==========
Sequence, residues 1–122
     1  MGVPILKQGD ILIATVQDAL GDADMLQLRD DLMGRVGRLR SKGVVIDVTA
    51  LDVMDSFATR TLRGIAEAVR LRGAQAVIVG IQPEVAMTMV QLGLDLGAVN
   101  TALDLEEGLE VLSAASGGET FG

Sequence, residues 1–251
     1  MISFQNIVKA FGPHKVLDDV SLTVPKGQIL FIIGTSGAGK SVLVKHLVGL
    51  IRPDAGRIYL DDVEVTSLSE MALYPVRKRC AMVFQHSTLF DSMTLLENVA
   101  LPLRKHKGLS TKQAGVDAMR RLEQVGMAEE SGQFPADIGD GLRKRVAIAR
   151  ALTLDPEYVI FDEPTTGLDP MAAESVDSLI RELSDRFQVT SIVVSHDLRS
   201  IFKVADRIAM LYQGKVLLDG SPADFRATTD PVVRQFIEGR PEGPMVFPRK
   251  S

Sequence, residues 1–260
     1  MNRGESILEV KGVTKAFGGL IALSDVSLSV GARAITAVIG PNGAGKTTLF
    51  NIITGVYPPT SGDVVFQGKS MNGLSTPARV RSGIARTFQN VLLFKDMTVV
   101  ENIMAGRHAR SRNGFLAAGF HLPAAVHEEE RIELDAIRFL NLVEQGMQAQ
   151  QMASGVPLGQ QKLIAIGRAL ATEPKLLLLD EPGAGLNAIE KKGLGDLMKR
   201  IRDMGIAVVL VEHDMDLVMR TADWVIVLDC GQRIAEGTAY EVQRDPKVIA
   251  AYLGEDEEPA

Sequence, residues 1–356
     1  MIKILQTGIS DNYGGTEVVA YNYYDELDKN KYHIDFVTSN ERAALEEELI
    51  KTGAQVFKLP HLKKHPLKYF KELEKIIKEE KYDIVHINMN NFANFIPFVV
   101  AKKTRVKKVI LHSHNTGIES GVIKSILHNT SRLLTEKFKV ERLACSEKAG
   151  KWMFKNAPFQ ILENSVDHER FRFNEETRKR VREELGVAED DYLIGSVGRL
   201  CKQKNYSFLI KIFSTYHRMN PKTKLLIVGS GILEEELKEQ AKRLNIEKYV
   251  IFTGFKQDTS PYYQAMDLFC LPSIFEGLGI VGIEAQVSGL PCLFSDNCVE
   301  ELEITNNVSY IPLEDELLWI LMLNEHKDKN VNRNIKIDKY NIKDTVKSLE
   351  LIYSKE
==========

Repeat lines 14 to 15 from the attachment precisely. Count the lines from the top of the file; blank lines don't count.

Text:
    51  NIITGVYPPT SGDVVFQGKS MNGLSTPARV RSGIARTFQN VLLFKDMTVV
   101  ENIMAGRHAR SRNGFLAAGF HLPAAVHEEE RIELDAIRFL NLVEQGMQAQ